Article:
A rising number of Americans are unable to make the monthly payments on their car or truck loans and are in danger of having their vehicles repossessed, according to data released Tuesday from the New York Federal Reserve.
There are 6.3 million Americans who are 90 days late — or more — on their auto loan payments, an increase of about 400,000 from a year ago. When someone gets so far behind on their payments, they typically end up losing their vehicle.
The delinquency rate on autos has been steadily rising since 2011, a red flag at a time when the unemployment rate has been falling. The unemployment rate is now 4.1 percent, the lowest level since 2000. As more and more Americans get jobs and income, it should be easier for them to pay their bills. But the rise in auto loan delinquencies is a reminder that millions are still struggling to make ends meet.
Many of the people who can't pay their car loans have bad credit scores of under 620 on an 800-point scale. They don't have many options to get money to buy a new or used car and often end up getting a subprime auto loan that comes with an interest rate of 15 to 20 percent.
The Fed noticed a big difference between how people who get their auto loan from a bank or credit union vs. those who get a loan from an “auto finance lender,” such as a “Buy Here, Pay Here” firm. Among auto finance companies, 9.7 percent of their subprime loans became late by 90 days or more in the third quarter, not far from the serious delinquency transition rate during the worst days of the Great Recession. In contrast, banks and credit unions had only 4 percent of their subprime loans became seriously delinquent last quarter.
“Delinquency rates among auto finance lenders are considerably higher and rising, especially for subprime borrowers, in part reflecting differences in underwriting standards,” said Wilbert van der Klaauw, senior vice president at the New York Fed.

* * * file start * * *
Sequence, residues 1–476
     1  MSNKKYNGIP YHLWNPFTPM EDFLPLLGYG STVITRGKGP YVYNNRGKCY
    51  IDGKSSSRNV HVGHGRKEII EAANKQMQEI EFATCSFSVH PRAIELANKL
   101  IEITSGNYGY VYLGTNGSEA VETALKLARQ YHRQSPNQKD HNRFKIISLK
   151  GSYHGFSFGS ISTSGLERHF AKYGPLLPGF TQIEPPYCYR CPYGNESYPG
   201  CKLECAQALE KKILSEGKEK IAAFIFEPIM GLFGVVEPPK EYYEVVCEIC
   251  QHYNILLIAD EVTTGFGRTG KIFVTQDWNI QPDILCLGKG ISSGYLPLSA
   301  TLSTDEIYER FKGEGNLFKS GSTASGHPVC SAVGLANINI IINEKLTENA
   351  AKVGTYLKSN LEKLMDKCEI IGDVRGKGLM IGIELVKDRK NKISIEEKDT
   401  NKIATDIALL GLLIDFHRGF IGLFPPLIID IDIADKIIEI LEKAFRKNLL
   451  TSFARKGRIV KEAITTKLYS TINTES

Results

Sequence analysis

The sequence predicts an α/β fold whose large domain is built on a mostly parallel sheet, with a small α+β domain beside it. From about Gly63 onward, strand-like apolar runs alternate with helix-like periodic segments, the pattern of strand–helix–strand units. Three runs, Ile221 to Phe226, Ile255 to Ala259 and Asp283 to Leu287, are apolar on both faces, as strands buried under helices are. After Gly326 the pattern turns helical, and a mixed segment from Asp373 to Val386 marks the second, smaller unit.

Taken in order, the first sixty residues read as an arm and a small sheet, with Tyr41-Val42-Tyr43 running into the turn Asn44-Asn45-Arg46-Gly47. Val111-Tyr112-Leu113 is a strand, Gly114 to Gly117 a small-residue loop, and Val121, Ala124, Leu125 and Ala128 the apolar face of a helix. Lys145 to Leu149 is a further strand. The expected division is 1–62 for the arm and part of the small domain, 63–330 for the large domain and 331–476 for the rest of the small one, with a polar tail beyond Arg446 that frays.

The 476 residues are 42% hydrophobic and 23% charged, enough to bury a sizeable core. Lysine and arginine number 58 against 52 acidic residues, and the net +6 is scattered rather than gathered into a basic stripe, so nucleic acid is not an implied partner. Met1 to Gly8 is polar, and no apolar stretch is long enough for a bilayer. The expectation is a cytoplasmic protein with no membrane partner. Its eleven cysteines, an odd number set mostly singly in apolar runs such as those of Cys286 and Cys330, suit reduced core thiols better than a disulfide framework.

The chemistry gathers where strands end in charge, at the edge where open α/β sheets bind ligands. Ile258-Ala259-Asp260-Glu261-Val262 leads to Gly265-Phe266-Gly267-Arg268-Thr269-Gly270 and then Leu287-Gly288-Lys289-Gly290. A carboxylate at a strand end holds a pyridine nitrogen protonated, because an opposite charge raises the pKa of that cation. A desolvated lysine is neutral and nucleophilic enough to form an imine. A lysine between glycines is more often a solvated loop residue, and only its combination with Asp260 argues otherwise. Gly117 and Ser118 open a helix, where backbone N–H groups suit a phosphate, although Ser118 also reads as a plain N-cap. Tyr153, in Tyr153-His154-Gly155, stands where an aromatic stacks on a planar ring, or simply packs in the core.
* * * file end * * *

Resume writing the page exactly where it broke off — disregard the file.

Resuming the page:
Some have started to compare what's happening in the auto loan market to the home mortgage crisis that helped trigger the Great Recession and financial crisis of 2008-2009. Many of the same issues are back: Lenders appear to have lowered their standards to give people car loans who probably should not qualify or should not be getting such a large loan. A man in Alabama was able to use his shotgun to cover most of the down payment.
Stringent regulations put in place after the crisis have made it harder to get a home mortgage, but most of the rules don't apply to auto finance companies. It's telling that delinquency rates for home mortgages and credit cards have been steadily falling since 2010, while auto loans and student loan rates have been rising.
The problems with car loans are unlikely to cause another financial crash. The auto loan market is much smaller than the mortgage market. The average car loan is about $30,000, according to credit company Experian, compared with over $220,000 for the average home loan, the National Association of Realtors says. Still, economists and Wall Street bankers have been keeping watch on how many people are having trouble paying their car loans because they believe it's an early warning sign of economic distress.
“Although the impact on the larger financial sector may be muted, there are over 23 million consumers who hold subprime auto loans. These consumers may find their credit reports further damaged after a default or encounter further financial difficulties after experiencing a car repossession,” the Fed wrote in its blog post Tuesday.